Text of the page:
Using DOLFIN (in Python, preferably), I'd like to implement Nitsche's method based on A. Hansbo, P. Hansbo, An unfitted finite element method, based on Nitsche's method, for elliptic interface problems, Computer Methods in Applied Mechanics and Engineering, Volume 191, Issues 47-48, , p. 5537-5552, 2002.
I have two interfaces corresponding to three meshes. For the purposes of description, let's suppose they are:
- $[0, 1/3] \times [0, 1]$,
- $[1/3, 2/3] \times [0, 1]$,
- $[2/3, 1] \times [0, 1]$
Mesh nodes should match up on interfaces. Put another way, I should be able to join the three meshes to get one mesh without any hanging nodes, cut cells, or deformities. I want to mesh these three regions so that on the interfaces between regions, there is an extra set of nodes (sort of like dG) that I can use to enforce a jump in the flux (or the field itself). Is there a way to set up a mesh in DOLFIN in this fashion?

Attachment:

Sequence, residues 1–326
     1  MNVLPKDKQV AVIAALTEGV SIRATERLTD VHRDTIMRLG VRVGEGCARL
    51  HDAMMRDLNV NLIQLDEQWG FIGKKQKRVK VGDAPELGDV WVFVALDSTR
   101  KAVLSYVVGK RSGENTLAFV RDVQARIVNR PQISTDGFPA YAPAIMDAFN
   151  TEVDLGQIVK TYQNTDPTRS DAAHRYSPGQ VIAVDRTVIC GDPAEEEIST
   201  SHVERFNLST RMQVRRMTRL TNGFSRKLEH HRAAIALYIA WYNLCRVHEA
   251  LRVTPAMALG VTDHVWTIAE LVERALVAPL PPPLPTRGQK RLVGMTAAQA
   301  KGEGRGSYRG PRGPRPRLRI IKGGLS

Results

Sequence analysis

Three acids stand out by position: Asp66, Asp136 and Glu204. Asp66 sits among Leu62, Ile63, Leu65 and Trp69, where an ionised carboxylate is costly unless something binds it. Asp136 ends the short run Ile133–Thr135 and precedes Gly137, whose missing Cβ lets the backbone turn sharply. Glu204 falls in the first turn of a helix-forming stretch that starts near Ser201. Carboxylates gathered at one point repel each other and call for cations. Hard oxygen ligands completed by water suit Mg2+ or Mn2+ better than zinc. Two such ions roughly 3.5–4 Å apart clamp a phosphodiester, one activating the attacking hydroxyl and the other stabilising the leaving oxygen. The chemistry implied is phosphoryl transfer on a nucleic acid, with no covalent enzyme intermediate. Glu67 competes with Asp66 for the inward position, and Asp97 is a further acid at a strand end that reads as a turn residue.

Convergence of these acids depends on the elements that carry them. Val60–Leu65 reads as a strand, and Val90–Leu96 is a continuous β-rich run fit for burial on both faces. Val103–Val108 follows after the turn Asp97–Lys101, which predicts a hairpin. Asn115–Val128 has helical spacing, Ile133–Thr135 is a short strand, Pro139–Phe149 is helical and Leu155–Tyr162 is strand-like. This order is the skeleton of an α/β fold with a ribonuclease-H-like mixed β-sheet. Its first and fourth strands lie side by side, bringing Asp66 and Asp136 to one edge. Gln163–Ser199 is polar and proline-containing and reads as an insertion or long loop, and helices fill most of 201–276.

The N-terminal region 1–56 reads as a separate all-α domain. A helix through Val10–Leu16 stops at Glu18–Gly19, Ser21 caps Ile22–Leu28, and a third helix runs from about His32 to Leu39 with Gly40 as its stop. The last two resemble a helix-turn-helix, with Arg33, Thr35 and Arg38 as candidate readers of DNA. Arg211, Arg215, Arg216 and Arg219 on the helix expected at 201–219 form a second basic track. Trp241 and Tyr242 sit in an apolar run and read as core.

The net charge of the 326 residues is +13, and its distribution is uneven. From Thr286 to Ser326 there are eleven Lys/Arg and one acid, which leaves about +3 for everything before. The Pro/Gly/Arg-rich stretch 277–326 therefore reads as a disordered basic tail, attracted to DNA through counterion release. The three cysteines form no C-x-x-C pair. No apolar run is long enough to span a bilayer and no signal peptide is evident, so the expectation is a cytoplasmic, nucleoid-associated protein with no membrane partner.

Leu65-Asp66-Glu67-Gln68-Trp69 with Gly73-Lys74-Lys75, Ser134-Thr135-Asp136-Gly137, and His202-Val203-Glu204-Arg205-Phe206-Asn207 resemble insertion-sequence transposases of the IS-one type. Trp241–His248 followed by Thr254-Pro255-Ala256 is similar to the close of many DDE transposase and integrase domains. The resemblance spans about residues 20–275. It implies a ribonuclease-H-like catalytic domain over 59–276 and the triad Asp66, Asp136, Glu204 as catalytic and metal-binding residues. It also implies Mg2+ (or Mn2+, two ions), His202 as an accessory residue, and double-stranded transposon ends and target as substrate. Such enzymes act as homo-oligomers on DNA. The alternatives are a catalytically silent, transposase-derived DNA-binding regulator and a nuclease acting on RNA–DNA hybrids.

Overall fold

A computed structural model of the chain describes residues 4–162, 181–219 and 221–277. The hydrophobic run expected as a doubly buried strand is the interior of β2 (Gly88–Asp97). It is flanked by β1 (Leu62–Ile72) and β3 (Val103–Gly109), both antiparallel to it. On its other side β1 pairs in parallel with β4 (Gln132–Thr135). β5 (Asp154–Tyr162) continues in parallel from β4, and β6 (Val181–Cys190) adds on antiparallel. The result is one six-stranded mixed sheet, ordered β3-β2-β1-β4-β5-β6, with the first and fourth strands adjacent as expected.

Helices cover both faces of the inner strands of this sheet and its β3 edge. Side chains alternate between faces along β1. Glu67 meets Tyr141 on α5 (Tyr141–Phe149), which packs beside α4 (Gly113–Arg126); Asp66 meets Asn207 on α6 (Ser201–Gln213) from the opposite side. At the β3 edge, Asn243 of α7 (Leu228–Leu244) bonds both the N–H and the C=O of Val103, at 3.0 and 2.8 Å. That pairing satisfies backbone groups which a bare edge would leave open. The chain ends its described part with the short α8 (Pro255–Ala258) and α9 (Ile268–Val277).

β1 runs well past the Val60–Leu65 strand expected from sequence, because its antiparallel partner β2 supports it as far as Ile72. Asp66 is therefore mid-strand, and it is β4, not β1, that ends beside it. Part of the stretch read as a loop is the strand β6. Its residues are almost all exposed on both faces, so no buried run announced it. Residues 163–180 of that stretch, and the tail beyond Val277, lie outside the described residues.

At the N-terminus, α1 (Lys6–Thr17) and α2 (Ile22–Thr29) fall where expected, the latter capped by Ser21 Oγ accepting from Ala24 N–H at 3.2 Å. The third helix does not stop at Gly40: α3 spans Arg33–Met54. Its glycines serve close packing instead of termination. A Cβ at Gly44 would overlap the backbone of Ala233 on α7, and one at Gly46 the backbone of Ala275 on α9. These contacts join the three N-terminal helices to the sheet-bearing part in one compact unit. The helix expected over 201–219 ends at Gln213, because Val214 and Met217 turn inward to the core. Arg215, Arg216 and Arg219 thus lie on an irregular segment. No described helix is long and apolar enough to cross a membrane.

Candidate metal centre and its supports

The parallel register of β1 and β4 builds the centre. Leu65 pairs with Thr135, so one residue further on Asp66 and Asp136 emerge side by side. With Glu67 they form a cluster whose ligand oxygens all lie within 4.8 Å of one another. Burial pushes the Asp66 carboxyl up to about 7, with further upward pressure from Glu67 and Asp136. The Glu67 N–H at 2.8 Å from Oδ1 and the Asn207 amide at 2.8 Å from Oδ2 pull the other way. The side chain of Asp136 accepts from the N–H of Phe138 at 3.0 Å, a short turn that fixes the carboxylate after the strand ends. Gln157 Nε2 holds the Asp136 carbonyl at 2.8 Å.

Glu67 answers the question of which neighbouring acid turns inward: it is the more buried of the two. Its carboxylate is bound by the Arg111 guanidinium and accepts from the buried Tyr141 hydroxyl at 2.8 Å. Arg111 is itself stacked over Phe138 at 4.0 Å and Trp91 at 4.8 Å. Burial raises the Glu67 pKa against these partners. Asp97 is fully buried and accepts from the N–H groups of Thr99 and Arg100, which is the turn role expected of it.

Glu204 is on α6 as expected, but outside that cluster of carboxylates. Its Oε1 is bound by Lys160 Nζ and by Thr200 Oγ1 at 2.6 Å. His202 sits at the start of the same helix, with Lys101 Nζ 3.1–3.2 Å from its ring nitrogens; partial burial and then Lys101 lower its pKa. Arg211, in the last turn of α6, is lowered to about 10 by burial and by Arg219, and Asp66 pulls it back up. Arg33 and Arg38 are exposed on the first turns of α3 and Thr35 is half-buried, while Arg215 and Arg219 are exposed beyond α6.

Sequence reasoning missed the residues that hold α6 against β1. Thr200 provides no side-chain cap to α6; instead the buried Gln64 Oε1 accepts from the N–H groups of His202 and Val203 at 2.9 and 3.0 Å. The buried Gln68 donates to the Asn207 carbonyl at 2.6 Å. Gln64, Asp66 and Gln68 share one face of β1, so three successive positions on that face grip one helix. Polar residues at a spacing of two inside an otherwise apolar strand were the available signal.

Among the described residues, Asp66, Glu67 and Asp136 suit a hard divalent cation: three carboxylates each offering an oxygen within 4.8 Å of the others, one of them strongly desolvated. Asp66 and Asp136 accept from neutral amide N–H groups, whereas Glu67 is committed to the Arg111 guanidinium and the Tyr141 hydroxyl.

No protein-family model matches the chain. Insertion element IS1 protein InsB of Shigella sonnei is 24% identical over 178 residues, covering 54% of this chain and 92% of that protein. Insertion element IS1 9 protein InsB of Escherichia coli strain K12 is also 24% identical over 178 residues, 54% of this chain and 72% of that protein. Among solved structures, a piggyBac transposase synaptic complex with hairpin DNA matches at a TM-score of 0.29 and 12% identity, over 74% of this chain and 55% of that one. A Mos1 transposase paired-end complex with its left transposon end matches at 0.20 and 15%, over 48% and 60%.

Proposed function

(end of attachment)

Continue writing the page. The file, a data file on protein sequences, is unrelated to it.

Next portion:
Within each region, I plan on using cG with Lagrange elements of order 1. An equivalent formulation should be enriching the continuous finite element space with functions that admit jumps in the field and flux across interfaces. If I can't rig the meshing to implement Nitsche's method, is it possible to use DOLFIN to enrich the finite element space instead?
If it matters, I'm solving a nonlinear Poisson equation in 2D.
From what I've gathered, there are kludgey ways to do this in DOLFIN that are slow (see Christian Waluga's question on mortar methods on the old FEniCS Launchpad site; my case also involves no overlap, but the meshes match at interfaces), there are related methods for weakly enforcing Dirichlet boundary conditions (see Andre Massing's answer to this question on the old FEniCS Launchpad site), and there is DOLFIN-OLM (I am unsure of the status of this project, but if it's usable, and has enough documentation for me to get a Poisson equation up and running in a few days, by all means, recommend it).